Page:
Chevron Cancels $1.9B Contract For Hyundai FPSO Unit

Chevron canceled its $1.88 billion contract with Hyundai Heavy Industries in December for construction of an FPSO unit for use in the U.K. North Sea, a decision blamed on persistently low global oil prices.

Delays in Chevron’s final investment decision mean that Hyundai did not start construction and will not suffer a loss on deal. The vessel was destined for Chevron’s Rosebank project.

The order for the vessel was placed in 2013 and delivery was slated for November 2016. Chevron made subsequent modifications to the vessel’s topside equipment design to reduce costs, but the need for a subsea export pipeline to carry gas to shore, along with the cost of drilling, field development and the FPSO unit, brought the total expected cost of Rosebank to about $10 billion.

Rosebank is about 175 km (109 miles) northwest of the Shetland Islands in depths of about 1,097 m (3,600 ft). The FPSO unit was designed to 100,000 bbl of oil and 5.3 MMcm/d (190 MMcf/d) of natural gas. It would have had storage capacity of 1.05 MMbbl of oil.

Chevron’s cancellation was preceded by the cancellation of a contract for a semisubmersible rig in October 2015 by driller Fred Olsen Energy for use in the Rosebank.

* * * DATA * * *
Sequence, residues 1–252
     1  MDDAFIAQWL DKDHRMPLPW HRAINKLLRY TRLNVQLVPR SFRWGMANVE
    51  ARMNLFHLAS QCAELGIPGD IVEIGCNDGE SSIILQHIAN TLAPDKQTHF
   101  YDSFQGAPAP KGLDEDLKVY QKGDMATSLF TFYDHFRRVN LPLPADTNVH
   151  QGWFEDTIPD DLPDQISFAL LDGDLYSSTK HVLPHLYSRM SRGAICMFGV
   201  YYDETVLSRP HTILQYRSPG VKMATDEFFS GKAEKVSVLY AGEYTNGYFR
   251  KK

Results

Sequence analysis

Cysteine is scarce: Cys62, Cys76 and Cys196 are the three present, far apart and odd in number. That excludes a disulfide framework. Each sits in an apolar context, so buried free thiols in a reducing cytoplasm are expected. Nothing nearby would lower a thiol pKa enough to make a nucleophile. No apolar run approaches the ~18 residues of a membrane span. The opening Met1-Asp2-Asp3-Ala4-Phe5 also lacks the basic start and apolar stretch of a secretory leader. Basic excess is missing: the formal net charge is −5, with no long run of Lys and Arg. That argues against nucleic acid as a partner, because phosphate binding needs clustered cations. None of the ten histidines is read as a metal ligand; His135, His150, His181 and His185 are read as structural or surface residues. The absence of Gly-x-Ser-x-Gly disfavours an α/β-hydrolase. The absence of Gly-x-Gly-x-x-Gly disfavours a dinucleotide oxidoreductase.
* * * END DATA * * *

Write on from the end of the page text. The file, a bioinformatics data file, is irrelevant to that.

Shell, Teekay Given Until Feb. 1 To Repair FPSO Vessel

Norway’s Petroleum Safety Authority discovered numerous problems on Shell’s Petrojarl Knarr FPSO vessel during an audit.

Shell operates the Knarr Field, while Teekay owns and operates the FPSO unit. Shell took over operatorship of Knarr from BG Group Norway in February 2016.

The audit revealed nonconformities relating to:

  • Overpressure protection of gas export pipeline,
  • Follow-up of overpressure protection performance requirements,
  • Passive fire protection, and
  • Follow-up of flexible pipelines.

The audit also found that improvements could be made with labeling of equipment, follow-up and verification and the maintenance management.

The companies have until Feb. 1 to report on how they will address the issues.

Work On Third FPSO Unit Completed For Ghana

Ghana will be able to increase its oil production to more than 200,000 bbl/d following delivery in March of its third FPSO unit.

Jurong Shipyard in Singapore recently completed construction of the double-hulled vessel, which is 300 m (985 ft) long and has a storage capacity of 1.7 MMbbl. It also has a treatment capacity of 58,000 bbl/d for oil and condensates.

Eni-Ghana said first oil was expected from Offshore Cape Three Points in August 2017, but the company is trying to beat the expected date. Following arrival of the FPSO unit and subsequent mooring, the subsea installations will be able to produce about 45,000 bbl/d of oil.

—Joseph Markman